IGF Factor 2010: Closure

By Kieron Gillen on February 24th, 2010 at 1:30 pm.

It’s one of the better traveled routes for IGF games. First, a flash-game that shows the core mechanic. Then, a full game expanded from that core. So following finalists like World of Goo and Crayon Physics Deluxe, we have Closure. We adored its initial web release and are eagerly anticipating the full version, which has been shortlisted for Technical Innovation, Sound and the Nuovo Innovation Award. We stumbled in the dark until we found creator Tyler Glaiel and got a little closure…

RPS: Firstly, a brief intro to those who may not know you. Who are you? What’s your background? Why get into games? Why get into indie games?

Tyler Glaiel: My name is Tyler Glaiel, I was 11 when I started making games, and it was fun so I stuck with it and practiced for 8 years, and now here I am. Indie games are appealing cause I don’t have to give up anything to keep doing what I want to do. Working for someone else isn’t fun, and I’d much rather be able to just make what I want to make.

RPS: And… the game. Tell us about it. What was its origins? What are you trying to do with it? What are you most pleased about it? What nags?

Tyler Glaiel: The game started off as a free flash game back in late 2008. It took 2 months to make, and the reception was so good we decided to take the game and make a big version of it. We through out everything people didn’t like (there was a lot of that after reading 1000 reviews/comments on it), saved the stuff people did like, and threw in a lot of new stuff altogether. It’s coming out really nicely so far, and everyone agrees it’s miles better than the flash version so far. The atmosphere and mood isn’t quite there yet, and the art style is going to evolve more, but we are working towards it.

RPS: What’s your feelings on the IGF this year. Pleased to be nominated? Have particular love, bemusement or hate for any of the other entries? Is there anything you think is missing?

Tyler Glaiel: Who wouldn’t be pleased to be nominated? Granted, the technical category is stupid, but that’s about it. All the other games look interesting, and I can’t wait to try them.

RPS: How do you feel about the indie scene generally this year? People have been relatively downbeat about 2009, after 2008 being so obviously incendiary. What are the themes, in your eyes? What are people missing?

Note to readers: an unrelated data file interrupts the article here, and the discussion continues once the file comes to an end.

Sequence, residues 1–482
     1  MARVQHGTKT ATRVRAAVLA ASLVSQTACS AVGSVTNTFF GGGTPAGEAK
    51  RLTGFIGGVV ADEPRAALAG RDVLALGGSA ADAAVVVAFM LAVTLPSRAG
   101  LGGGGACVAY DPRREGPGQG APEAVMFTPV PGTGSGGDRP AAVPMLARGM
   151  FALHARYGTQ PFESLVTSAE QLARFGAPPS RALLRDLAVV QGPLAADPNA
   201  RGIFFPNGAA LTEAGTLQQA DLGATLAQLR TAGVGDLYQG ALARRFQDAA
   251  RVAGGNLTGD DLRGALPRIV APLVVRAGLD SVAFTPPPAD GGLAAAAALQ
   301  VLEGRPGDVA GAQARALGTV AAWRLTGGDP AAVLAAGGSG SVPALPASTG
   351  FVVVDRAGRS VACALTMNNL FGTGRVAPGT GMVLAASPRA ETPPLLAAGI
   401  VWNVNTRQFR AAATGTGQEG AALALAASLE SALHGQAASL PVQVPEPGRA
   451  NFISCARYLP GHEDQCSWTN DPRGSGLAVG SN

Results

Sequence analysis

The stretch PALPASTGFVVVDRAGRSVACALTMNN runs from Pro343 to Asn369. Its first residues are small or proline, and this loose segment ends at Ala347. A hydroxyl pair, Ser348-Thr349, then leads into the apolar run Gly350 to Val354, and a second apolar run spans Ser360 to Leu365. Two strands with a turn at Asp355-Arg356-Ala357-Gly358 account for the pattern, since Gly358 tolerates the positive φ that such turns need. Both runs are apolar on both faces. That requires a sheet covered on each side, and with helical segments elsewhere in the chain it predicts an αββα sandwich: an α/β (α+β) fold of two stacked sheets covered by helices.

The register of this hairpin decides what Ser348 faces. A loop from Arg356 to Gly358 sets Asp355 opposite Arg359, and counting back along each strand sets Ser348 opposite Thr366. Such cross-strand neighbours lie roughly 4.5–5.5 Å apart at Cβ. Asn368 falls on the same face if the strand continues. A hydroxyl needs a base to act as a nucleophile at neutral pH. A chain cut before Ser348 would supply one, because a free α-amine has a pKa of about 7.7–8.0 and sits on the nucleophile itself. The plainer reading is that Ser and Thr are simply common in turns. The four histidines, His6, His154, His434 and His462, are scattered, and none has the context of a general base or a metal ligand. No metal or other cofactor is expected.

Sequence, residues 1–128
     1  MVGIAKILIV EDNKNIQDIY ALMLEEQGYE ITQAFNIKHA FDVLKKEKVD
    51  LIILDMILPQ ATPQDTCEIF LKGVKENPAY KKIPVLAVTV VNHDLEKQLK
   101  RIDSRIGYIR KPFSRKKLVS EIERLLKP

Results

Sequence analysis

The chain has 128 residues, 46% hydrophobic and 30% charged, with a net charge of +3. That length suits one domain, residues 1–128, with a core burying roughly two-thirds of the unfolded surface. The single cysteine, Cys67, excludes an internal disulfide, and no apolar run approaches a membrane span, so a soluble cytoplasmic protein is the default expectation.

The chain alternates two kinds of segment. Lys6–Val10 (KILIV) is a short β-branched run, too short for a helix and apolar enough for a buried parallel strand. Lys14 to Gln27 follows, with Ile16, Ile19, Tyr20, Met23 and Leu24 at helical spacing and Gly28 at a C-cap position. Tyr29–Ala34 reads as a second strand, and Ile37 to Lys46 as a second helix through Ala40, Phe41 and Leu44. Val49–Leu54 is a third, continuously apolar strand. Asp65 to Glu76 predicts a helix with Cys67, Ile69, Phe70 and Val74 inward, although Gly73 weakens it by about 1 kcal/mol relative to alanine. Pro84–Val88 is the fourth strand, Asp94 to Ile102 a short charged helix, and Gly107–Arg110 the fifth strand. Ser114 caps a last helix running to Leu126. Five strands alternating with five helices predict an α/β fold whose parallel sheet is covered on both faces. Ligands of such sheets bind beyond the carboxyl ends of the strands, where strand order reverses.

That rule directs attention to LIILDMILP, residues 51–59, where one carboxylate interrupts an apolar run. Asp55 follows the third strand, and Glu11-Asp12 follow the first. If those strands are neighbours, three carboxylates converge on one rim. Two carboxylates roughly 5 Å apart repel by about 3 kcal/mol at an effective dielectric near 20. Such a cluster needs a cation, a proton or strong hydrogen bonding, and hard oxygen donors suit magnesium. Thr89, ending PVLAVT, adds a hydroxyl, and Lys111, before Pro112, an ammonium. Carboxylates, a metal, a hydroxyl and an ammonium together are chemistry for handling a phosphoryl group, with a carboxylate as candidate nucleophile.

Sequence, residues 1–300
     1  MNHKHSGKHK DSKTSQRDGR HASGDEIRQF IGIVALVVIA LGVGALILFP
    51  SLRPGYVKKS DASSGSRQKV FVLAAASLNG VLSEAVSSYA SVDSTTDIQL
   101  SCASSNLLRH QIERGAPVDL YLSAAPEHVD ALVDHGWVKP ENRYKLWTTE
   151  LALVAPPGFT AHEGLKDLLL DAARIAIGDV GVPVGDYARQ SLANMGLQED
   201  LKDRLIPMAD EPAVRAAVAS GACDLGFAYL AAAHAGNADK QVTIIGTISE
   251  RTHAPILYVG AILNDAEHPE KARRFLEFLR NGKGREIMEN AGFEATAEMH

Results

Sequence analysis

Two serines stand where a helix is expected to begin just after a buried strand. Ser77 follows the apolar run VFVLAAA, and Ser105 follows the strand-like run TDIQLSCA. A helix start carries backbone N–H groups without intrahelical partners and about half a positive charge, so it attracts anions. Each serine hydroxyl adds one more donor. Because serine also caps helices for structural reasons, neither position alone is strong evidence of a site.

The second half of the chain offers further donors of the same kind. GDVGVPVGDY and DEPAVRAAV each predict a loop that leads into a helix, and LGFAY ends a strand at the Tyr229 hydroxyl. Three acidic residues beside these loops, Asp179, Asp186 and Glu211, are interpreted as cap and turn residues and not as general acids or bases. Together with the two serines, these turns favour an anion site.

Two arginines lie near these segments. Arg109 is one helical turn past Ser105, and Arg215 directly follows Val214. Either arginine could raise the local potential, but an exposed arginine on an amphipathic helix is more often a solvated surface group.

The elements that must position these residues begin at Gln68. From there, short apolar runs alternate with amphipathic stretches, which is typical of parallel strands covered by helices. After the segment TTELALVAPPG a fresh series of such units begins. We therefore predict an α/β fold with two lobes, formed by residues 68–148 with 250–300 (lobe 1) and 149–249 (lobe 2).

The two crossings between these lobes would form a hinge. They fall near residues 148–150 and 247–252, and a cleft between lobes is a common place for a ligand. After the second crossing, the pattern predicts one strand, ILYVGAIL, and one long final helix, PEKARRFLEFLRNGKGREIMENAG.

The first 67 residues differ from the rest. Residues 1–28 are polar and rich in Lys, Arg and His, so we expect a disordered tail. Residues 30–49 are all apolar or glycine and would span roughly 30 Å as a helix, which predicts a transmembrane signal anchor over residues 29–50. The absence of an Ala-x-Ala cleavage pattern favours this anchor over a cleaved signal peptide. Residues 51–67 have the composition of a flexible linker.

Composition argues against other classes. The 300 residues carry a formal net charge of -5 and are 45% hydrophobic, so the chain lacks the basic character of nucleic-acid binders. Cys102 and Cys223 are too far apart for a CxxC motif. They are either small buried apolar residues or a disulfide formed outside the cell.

Tyler Glaiel: The indie scene is great. I wasn’t really involved in it till late in 2008, so I don’t really have a frame of reference, but the people are interesting, the games are interesting (and some are fun too), and all the events and gatherings are great.

RPS: And how does the future look for you? What are you working on now and the foreseeable future.

Tyler Glaiel: I am working on Closure for another year or so. I want to be able to go full time into development on it, and we’ll see about that in a couple months. After Closure, I have some concepts for the next game. Ironically it’s looking like it’s going to be completely the opposite of Closure.

RPS: Thanks for time.

You can follow Closure’s development on its own site.

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3 Comments »

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  1. CMaster says:

    The flash version was great, apart from two issues. One being the rather clunky and awkward movement and jumping, the other more minor issue that from a great, creepy startpoint and atmosphere they never really took a story anywhere.

    So, hoping for something good from the full game.

  2. Simon says:

    With all these indie platformers it’s always a little question of .. is it new or did a Mario game do it first?
    (especially Mario Galaxy)

  3. Lightbulb says:

    I’m guessing they “threw” out everything people didn’t like rather than “through”?

    When can we play these games?